The case was not (officially, at least) about slavery, but Olaudah Equiano managed to get anti-slavery activist, Grenville Sharp involved and publicised what happened, to support the abolitionist cause. It's likely that they also influenced the legal case put by the insurers, which argued against the treatment of people as chattels.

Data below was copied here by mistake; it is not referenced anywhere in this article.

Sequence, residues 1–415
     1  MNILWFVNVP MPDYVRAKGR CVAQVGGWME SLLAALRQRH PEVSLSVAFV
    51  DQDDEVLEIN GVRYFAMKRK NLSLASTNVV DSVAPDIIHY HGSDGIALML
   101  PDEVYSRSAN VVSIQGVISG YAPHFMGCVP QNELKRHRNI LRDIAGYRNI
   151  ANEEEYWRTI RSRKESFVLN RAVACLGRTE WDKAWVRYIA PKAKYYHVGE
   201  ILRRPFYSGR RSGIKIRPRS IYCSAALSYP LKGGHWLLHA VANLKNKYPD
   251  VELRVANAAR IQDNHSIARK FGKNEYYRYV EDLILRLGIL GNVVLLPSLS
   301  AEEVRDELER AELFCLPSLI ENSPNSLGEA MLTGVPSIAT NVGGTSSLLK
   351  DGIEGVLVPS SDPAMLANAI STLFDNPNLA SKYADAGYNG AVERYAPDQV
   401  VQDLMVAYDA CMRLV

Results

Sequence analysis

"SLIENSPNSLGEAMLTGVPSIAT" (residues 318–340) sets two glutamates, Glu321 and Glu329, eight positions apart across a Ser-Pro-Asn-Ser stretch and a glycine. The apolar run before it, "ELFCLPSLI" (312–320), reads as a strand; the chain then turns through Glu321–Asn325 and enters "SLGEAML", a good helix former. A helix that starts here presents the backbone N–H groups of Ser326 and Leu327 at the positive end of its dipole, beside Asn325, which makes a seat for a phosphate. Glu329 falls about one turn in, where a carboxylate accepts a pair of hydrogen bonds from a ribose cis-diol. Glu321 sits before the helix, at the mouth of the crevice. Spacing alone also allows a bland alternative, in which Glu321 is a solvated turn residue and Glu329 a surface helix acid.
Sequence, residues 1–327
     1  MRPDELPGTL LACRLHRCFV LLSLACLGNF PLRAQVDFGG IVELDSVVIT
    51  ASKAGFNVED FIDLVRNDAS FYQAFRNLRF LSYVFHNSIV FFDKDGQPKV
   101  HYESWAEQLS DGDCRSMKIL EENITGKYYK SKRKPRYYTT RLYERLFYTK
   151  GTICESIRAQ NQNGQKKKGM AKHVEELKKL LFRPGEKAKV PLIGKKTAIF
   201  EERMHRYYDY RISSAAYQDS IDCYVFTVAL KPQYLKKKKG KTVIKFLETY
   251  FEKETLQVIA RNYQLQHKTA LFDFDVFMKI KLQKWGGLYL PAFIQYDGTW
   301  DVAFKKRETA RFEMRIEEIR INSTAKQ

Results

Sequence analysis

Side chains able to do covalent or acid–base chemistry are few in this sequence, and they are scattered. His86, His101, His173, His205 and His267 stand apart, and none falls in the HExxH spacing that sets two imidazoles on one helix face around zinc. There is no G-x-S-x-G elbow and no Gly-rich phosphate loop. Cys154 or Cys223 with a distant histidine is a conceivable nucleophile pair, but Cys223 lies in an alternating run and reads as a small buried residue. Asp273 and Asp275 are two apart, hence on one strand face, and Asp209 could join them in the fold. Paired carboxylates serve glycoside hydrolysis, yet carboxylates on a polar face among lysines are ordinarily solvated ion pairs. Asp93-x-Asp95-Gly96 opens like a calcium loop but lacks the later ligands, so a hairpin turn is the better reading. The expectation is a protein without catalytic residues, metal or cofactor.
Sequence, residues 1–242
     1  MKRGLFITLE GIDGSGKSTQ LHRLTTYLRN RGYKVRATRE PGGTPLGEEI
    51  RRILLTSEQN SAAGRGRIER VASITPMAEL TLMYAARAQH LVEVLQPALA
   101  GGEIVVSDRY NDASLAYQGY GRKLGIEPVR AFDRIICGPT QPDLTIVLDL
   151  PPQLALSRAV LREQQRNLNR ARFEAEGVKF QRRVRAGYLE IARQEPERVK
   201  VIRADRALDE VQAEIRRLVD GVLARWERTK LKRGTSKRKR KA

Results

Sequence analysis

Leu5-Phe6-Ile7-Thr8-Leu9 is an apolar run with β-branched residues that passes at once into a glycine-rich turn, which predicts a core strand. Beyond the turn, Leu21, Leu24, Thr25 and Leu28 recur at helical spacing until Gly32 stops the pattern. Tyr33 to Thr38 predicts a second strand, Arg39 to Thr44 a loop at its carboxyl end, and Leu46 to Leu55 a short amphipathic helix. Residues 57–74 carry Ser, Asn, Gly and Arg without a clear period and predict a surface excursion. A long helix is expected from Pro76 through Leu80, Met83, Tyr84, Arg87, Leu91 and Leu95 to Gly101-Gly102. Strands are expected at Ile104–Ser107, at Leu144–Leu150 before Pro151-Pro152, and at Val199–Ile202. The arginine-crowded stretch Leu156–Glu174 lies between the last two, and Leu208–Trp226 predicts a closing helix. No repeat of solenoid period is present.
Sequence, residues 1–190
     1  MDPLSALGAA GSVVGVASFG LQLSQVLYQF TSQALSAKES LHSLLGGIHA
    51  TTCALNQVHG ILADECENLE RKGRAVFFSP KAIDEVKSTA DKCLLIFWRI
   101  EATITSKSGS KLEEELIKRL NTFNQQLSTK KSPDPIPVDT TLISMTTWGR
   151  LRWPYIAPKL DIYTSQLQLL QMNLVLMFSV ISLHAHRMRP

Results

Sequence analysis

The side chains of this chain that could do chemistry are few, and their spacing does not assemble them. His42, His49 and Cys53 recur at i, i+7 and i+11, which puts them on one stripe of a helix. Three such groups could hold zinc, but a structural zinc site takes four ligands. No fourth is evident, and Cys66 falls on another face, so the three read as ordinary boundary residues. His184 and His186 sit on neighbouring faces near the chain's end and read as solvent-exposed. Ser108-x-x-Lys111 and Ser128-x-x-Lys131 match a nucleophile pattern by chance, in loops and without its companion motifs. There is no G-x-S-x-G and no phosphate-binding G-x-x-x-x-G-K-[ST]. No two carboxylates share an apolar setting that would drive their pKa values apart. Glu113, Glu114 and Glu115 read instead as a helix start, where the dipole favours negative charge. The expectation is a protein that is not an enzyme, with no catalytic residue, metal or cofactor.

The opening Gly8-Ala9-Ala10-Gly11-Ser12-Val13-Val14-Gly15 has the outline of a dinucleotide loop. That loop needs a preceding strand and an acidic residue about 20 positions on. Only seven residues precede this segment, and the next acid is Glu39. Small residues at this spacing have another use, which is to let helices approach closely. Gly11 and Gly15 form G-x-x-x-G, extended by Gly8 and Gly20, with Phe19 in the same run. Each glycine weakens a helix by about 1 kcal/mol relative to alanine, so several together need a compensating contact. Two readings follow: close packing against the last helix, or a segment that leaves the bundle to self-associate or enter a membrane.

It's not a straight historical play, there are modern references, elements of the story which are acted out and other's 'shown' as flash backs, and elements where direct transcripts from the court case were used.
The play is, I believe, to be fully staged next year, but this performance was a dramatic read through. And it was extraordinary - incredibly powerful and moving, and still, 230 years after the events depicted, profoundly shocking.
I wasn't able to stay for the post show discussion,but will definitely be planning to see the show when it is fully staged .